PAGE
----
Samsung Galaxy Express Review
The Samsung Galaxy Express is a mid-range device that has already launched in the United States, but now it is making its way to Europe in a version that is similar, but also different in key areas. It is the same 4.5-inch Android handset, but in this modification it runs on an (almost) up-to-date Android 4.1 and features Qualcomm’s energy-savvy 28nm Krait processor on a Snapdragon chip with 4G LTE support.
That’s definitely a big asset for a relatively affordable device, but you know Samsung had to cut it short somewhere to arrive at its lower price. And indeed it has with the most visible shortcut being a 5-megapixel camera. How huge of a compromise is that and is it worth making? Let’s find out.
If you appreciate original design, we’d definitely understand your frustration with the Galaxy Express. It is the same generic iteration on the Galaxy S III pebble-like form that we have seen so many times already. It’s practical and feels well in the hand with its nicely rounded corners and relatively thin 0.37-inch (9.3mm) profile, but it’s definitely not awe-inspiring, not something that we’d feel attached to emotionally. The device is built out of plastic and comes with a glossy finish.
132.2 x 69.1 x 9.3 mm
4.91 oz (139 g)
130.9 x 65 x 7.8 mm
4.22 oz (120 g)
128 x 66.9 x 9.2 mm
4.30 oz (122 g)
123.8 x 68.5 x 9.9 mm
5.64 oz (160 g)
On the front there is a single large physical home button that is comfortable to press. The lock key is on the right side, and on the left is a volume rocker, both of which are easy to press. As in most Samsung devices there is no dedicated physical shutter key, and instead you’d need to only rely on the on-screen buttons for image and video capture.
Power key (right)
Volume rocker (left)
microUSB port (bottom)
3.5mm jack (top)
The sides of the Samsung Galaxy Express
The Galaxy Express comes with a 4.5-inch Super AMOLED Plus capacitive touchscreen with vivid saturated colors. There is only one downside to it - it is of the disappointing for its size WVGA 480 x 800 pixel resolution. On the 4.5-inch that works out to a low pixel density of around 200ppi and while that’s not such a huge deal, it definitely has a noticeable impact on things like text readability.
With that said, we have to give credit where credit is due. Despite its disappointing resolution, the screen looks good. Colors are vivid, blacks are pitch black, viewing angles are wide, and sunlight legibility is good.
More popular slideshows
Samsung Galaxy Note 3 vs Samsung Galaxy Note 2
14 Oct 2013, 05:28
Apple iPad Air vs Samsung Galaxy Note 10.1 2014 Edition
16 Nov 2013, 04:22
Apple iPhone 5s vs Samsung Galaxy S4
27 Sep 2013, 05:59
Google Nexus 5 vs LG G2
11 Nov 2013, 06:01
Google Nexus 5 vs Samsung Galaxy S4
12 Nov 2013, 07:21
Samsung Galaxy Note 3 vs Samsung Galaxy S4
15 Oct 2013, 05:44
1. N-fanboy (Posts: 350; Member since: 12 Jan 2013)
I feel the mid range battle is even more intense than the high end and OVIOUSLY dominated by samsung but undeservedly too, i think the 8mp Nokia Lumia 820 is better...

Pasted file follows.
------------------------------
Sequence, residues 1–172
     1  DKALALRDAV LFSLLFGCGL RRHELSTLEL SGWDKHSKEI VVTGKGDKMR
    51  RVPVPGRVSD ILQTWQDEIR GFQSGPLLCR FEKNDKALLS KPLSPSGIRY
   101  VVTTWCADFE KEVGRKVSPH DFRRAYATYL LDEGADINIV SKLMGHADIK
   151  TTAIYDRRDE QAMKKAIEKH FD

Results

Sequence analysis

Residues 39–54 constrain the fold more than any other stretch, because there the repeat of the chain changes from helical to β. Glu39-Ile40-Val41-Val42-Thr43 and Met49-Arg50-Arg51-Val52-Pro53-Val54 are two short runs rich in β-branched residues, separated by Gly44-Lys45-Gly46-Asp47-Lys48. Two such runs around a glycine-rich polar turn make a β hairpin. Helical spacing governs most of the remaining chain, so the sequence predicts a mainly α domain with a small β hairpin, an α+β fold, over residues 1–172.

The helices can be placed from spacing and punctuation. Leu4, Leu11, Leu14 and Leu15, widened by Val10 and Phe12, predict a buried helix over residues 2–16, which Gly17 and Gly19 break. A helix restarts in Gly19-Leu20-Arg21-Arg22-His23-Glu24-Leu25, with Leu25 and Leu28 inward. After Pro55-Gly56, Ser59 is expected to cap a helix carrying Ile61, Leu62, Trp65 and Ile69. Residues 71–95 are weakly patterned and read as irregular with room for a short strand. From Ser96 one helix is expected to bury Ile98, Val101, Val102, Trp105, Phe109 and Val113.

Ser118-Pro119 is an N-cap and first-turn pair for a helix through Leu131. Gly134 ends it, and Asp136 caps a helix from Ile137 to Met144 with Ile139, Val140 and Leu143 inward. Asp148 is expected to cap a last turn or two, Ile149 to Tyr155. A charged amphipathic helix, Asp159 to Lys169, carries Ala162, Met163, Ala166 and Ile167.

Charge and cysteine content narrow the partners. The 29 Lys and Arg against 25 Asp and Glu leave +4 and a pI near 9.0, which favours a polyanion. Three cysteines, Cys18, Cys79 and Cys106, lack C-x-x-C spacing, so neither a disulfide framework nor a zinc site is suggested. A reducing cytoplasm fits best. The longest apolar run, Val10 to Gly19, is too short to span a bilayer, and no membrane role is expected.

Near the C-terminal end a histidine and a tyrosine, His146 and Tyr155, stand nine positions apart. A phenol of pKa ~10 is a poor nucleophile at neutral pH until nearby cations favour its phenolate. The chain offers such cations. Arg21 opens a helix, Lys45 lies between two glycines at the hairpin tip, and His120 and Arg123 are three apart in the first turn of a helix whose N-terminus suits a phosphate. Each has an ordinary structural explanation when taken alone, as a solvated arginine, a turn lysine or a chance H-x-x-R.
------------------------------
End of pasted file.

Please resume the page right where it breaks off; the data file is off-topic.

2. XPERIA-KNIGHT (Posts: 2375; Member since: 08 Aug 2012)
I Wouldnt get the get the galaxy s3 or 4 because of huge sizes, but if i were to go samsung by some chance lol i would definitely consider this one....with each new purchase of smartphones i get, i realize how much the spec game we've been playing has reallly been a bit exaggerated and over done....thats why i wouldnt mind gettin the express over a top end phone with a better processor because in terms of real world usage, we hit the peak with 2012 dual core phones and ics and jellybean only put the icing on the cake for us
5. dragonscourgex (Posts: 307; Member since: 16 Jan 2012)
Yes. I think I would have to agree with you man. I think from here on out, specs are going be less of a factor. I have 4.2 running on my old Samsung Captivate and it runs very well on it. And that's only a single core 1ghz proc with 512 RAM. Also bring to light all these phone carrier using the excuse that a phone hardware can't handle updates from them as a big fat lie:)
6. g2a5b0e (Posts: 1391; Member since: 08 Jun 2012)
To say we "hit the peak" in terms of real world usage is a short-sighted statement. Just because you can't imagine it getting any better, doesn't mean it's not possible. That kind of thinking would never lead to any innovation. The limits must constantly be pushed. What if people said Thomas Edison's original design for the light bulb was good enough? What if people said the Model T was good enough? What if people said 56K modems were fast enough? Sky's not even the limit. The only limits that exist are the ones we place on ourselves.
3. thelegend6657 (unregistered)
Let the Samsung praisaton begin !
4. NokiaFTW (Posts: 140; Member since: 24 Oct 2012)
Remember a time (just 3 years ago actually) when 480 X 800 was considered a very high resolution ?
7. downphoenix (Posts: 1996; Member since: 19 Jun 2010)
before the Galaxy Nexus it was considered high resolution, LOL.